Of course, this is what was called “stealing” their services. However, these boxes being sold was legal to buy and own. The loophole was something to the effect that these boxes were being sold as test electronic equipment. They never said in any of their ads or catalogs that they count be used for getting pay TV without paying. All it said that these boxes could unscramble a video signal for the purpose of testing the transmission of the scrambled signal and nothing more. And sadly, the cable companies could not stop these companies selling these boxes. It was what it was.

Of course, the whole landscape of premium television has changed. Streaming TV is not the hot button, and the cable companies know that they can’t compete anymore. The one’s that are still around are now toting their offerings with a combo of both traditional cable with 200+ channels, along with a screaming service or two (or three, or even more). And these cable companies no longer offer their signals as analog. Now they are digital, making what’s left of those cable boxes of yore no longer functional.

And many of the flat screen sets no longer have an RF connection to then. Meaning that one can’t even connect them to a flat screen set. And even if one can, those boxes no longer work. Now they just serve as an electronic knickknack, very much as a set of set-up “rabbit ears” antennas would.

WHEW! That little episode of how to get pay TV without paying for it might have been a bit overwhelming, but that is how it was back when cable TV was the be-all-to-end-all to get their television signals. But in the school of if there’s a will there’s a way of getting what one wants, we are such that people are getting these streaming services for naught. We can’t state how that is possible, but it is. Let’s just place a wait and see how Netflix is going to handle this. Until that occurs, we’ll bide our time with Netflix and Chill!

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The Odyssey Theater presents the west coast premier of Lucas Hnath’s A PUBLIC READING OF AN UNPRODUCED SCREENPLAY ABOUT THE DEATH OF WALT DISNEY, a play that is nearly self explained to what the concept is (almost) all about!

The setting is a room that consists of a rectangular table or to be precise, two rectangular tables edged along each other with four chairs around the two tables. In this room, a “table read” will take place where Walt Disney (Kevin Ashworth) along with his brother Roy (Thomas Piper) will be reading off a screenplay penned by Walt himself that self centers itself to Walt and is about Walt along with some of the legacy notions that make Walt the legion and the story. The scenes as read speaking about various elements from building a self supported city inside a “bubble” where people live, work, and play, keeping the Liberty Tree at liberty forever, controlling the results of a wildcat strike orchestrated by his staff of animators, creating a short subject that can be considered as a “snuff” film, and kicking around an idea of having Walt under deep freeze. Then there are some personal items to deal with between his daughter Diane (Brittney Bertier) and his son-in-law Ron Miller (Cory Washington). As the screenplay rolls on, it pinpoints that Walt is the center of it all, in spite of what is real or is just another fable.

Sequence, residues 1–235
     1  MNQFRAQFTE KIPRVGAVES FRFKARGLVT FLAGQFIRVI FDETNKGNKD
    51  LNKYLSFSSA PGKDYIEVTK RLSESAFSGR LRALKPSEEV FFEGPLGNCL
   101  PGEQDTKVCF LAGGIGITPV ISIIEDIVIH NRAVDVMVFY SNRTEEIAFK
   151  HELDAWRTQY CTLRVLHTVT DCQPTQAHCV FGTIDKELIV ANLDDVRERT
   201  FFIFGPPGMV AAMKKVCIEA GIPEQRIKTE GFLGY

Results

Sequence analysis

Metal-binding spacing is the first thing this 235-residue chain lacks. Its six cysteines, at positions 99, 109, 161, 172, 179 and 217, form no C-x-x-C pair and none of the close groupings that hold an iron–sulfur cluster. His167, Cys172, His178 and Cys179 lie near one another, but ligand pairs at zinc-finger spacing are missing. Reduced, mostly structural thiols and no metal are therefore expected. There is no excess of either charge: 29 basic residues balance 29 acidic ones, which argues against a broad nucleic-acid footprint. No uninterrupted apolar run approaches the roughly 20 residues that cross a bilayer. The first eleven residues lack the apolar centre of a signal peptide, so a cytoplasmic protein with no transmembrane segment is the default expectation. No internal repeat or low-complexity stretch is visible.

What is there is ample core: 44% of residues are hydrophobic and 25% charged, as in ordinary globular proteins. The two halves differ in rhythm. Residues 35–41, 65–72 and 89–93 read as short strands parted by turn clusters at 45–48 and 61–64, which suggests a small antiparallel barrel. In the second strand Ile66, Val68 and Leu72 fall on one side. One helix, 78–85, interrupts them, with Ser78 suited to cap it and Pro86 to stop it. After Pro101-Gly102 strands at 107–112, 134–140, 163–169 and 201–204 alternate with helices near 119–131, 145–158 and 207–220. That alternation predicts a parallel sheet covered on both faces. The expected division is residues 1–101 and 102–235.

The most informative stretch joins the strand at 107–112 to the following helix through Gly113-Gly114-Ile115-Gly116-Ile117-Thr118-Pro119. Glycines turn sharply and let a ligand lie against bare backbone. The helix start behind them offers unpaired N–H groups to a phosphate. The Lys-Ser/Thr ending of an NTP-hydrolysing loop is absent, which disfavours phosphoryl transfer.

This single act play written by Lucas Hnath is not a bio of the man from Missouri whose success started with a mouse. It’s really a production where a fictional Walt created a screenplay that focuses upon the slices that may have been true or may have been fabricated as Walt was known to have a public life and a private one. The stage production itself is dolled out as a staged radio drama where the cast members recite most of their lines from a printed script placed in front of them, although it’s assumed that all lines and the actions that go along the spoken lines are memorized by the players.

Kevin Ashworth as Walt shows off his character as a secret Walt that consumed his pilled medication to relieve his aches and pains by downing it with vodka, and smoked so heavily, he coughed up blood due to the cancer forming in his lungs. Thomas Piper as his sibling Roy plays his role as a “second banana”, always as the underscore to his brother, even sporting a cartoon-type bandage on his forehead. (That had to do something with Walt throwing one of his many Oscar statuettes at his brother’s head!) Brittney Bertier as daughter Diane pays some respect toward her father, but wasn’t too keen in naming their future son after dear ol’ dad (Walt junior?) under distress. And Cory Washington as Ron Miller is one of the more obscure people around the universe of Walt as only die hard fans of Disney would really know how he fits into the domain of this Mickey Mouse organization!